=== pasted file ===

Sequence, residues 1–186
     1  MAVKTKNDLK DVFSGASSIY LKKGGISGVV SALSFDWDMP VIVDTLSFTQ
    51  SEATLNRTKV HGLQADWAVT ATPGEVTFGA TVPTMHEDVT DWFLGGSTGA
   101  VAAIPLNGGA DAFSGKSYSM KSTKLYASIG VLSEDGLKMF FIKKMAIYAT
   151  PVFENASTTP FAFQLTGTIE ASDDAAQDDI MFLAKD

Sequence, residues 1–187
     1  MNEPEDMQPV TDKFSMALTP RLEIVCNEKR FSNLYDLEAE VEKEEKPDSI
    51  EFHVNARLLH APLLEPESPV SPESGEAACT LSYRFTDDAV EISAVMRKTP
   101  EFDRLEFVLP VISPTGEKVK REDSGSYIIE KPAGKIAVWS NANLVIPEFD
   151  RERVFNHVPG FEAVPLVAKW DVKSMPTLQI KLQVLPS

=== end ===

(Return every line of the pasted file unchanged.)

Sequence, residues 1–186
     1  MAVKTKNDLK DVFSGASSIY LKKGGISGVV SALSFDWDMP VIVDTLSFTQ
    51  SEATLNRTKV HGLQADWAVT ATPGEVTFGA TVPTMHEDVT DWFLGGSTGA
   101  VAAIPLNGGA DAFSGKSYSM KSTKLYASIG VLSEDGLKMF FIKKMAIYAT
   151  PVFENASTTP FAFQLTGTIE ASDDAAQDDI MFLAKD

Sequence, residues 1–187
     1  MNEPEDMQPV TDKFSMALTP RLEIVCNEKR FSNLYDLEAE VEKEEKPDSI
    51  EFHVNARLLH APLLEPESPV SPESGEAACT LSYRFTDDAV EISAVMRKTP
   101  EFDRLEFVLP VISPTGEKVK REDSGSYIIE KPAGKIAVWS NANLVIPEFD
   151  RERVFNHVPG FEAVPLVAKW DVKSMPTLQI KLQVLPS